Torchwood – ‘Corpse Day’ reviewed

❉ Burn Gorman returns in Big Finish’s edgiest Torchwood audio drama yet.

There was no storyline from Torchwood’s pre-Children of Earth incarnation more compelling than Owen Harper’s death and (temporary) resurrection in the middle of Series Two. In theory Jack’s well-established immortality should have made another undying character superfluous at best. Thankfully, the writers – particularly Joe Lidster, who seems never to have met a character challenge he too great for him – found a unique angle for Owen. Where Jack, despite some angst about his circumstances, could still enjoy life to the fullest, Owen found himself in a living hell where even the most basic pleasures were inaccessible to him.

It was unfortunate that the TV series didn’t spend more time on this storyline, because it finally gave the character – and the actor playing him, Burn Gorman – material matching his potential. Nearly a decade later, both the character and their story have been satisfyingly revisited in the latest Torchwood audio drama, Corpse Day. Written by series producer James Goss, Corpse Day is Burn Gorman’s first appearance in the audio series and arguably the edgiest story they’ve done.

That may sound surprising for a story that co-stars Tom Price as PC Andy Davidson, but it’s actually a good fit. The pairing of Owen and Andy is explained as a joke on Jack’s part within the narrative but also makes sense from a storytelling standpoint. The combination of sardonic and earnest is ideal for the fairly horrific situation in which the two men find themselves.

The beauty of these hour-long plays – and audio drama in general – is the focus on character. In that respect, the medium has served Torchwood well. For the TV series, the need to attend to a relatively large cast limited the opportunities to get immersed in a particular character. The spotlight on Owen in A Day in the Death was a noteworthy exception – and a fitting one, since Corpse Day is set between that and the second series’ finale.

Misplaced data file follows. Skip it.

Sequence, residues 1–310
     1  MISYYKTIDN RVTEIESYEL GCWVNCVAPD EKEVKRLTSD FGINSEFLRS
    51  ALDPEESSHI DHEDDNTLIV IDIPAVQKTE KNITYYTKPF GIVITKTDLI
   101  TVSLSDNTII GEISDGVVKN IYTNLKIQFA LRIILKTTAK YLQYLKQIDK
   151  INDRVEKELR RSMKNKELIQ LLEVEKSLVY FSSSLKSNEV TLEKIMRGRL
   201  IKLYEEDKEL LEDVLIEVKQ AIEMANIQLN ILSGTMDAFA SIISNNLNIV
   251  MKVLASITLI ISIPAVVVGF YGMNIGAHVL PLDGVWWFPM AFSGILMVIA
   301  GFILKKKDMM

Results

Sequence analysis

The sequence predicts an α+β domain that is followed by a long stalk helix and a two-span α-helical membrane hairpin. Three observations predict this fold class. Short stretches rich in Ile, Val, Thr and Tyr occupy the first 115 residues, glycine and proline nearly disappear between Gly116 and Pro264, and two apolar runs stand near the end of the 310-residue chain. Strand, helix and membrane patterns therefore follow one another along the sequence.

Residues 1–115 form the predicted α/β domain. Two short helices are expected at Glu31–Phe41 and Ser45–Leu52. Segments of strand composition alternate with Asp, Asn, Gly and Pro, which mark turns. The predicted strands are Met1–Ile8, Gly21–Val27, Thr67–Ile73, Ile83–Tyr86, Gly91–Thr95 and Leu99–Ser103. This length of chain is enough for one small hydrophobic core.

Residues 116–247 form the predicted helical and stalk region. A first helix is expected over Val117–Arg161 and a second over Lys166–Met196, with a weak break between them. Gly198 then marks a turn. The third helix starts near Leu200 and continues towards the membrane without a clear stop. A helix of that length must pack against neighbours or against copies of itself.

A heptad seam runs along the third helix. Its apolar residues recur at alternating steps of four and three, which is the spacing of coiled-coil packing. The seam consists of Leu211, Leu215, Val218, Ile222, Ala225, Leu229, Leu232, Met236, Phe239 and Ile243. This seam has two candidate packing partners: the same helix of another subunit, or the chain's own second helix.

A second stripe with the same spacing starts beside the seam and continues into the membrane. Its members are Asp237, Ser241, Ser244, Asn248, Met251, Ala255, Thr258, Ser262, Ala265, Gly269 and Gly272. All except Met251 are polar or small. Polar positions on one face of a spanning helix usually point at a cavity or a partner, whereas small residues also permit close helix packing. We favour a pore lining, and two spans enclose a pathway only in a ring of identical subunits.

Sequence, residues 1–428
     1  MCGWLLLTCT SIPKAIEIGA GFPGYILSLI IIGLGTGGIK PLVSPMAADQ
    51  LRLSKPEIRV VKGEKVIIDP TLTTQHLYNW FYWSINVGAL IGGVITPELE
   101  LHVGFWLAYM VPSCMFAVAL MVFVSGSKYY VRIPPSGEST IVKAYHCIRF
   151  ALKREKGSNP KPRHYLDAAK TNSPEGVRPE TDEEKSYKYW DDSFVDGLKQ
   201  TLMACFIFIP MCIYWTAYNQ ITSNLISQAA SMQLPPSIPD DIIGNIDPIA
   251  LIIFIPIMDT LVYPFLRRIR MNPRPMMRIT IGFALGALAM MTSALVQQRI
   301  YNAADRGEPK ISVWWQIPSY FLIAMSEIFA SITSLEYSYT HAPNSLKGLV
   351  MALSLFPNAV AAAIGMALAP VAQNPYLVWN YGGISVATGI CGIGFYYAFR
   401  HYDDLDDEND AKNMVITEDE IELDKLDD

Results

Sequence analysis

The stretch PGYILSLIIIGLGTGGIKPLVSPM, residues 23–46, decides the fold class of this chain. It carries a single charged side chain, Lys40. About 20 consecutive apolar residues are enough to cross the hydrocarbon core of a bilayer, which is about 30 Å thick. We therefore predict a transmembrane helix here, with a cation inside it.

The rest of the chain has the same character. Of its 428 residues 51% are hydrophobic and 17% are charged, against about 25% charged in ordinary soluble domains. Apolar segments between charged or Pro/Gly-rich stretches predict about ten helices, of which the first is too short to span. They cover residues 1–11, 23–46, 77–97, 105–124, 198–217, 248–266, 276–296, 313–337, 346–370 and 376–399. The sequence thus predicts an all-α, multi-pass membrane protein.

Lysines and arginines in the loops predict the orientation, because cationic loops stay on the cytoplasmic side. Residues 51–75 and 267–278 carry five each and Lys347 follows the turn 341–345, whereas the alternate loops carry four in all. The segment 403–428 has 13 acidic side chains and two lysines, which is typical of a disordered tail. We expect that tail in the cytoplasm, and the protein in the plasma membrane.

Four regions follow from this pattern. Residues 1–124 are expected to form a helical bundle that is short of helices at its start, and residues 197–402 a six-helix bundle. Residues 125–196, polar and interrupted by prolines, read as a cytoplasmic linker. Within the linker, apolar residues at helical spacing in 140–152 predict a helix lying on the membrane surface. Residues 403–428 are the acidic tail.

Considering the darker territory the story veers into, it’s striking how lighthearted it seems at first, at least by Torchwood standards. The action begins as an investigation into missing girls that wouldn’t feel out of place in any number of police dramas but with a requisite twist. “Corpse Day” is an annual event where a member of Torchwood teams up with a member of the local police to investigate cases that have gone cold. For his part, Andy believes that Owen can help him solve the case. In contrast to Andy’s sincere enthusiasm, Owen is far from thrilled and looking for nothing more substantial than the quickest way out of this ad hoc partnership.

The interplay between them – much of it mild abuse directed at Andy by Owen – likewise echoes the cop genre. However, it also serves an important role in the story, building a rapport of sorts between them. As a result, when the investigative trail takes its disturbing turn, the dynamics between both each other and the other characters feels thoroughly believable.

Not wishing spoiling the plot, suffice it to say it continues along the path of twisting genre conventions. With a different pair of lead characters, the end result might have felt less substantial. In this case, though, the relative familiar situation keeps Owen and Andy in the forefront as people. Credit here goes to director Scott Handcock who gets just the right delivery from the leads.

This was certainly to be expected of Tom Price, who’s already reprised his role in several audio stories, but Burn Gorman understandably draws more focus. Knowing how good he is from a wide range of roles, it’s not really a surprise that he slipped right back into the role Owen. However, that doesn’t make it any less welcome. With an audio version of the fifth series Torchwood didn’t get on TV starting later this year, it’s unclear what the next opportunity for Gorman to return might be, but Corpse Day is certainly cause to hope it wasn’t a one-time thing.

❉ ‘Torchwood – Corpse Day’ was released on 7 May 2017. It will be exclusively available to buy from the BF website until July 31st 2017, and on general sale after this date. It can be bought for £7.99 on Download or £9.99 on CD – or as part of the Torchwood releases 13-18 Subscription which makes six stories available for just £45 and £50 respectively.  

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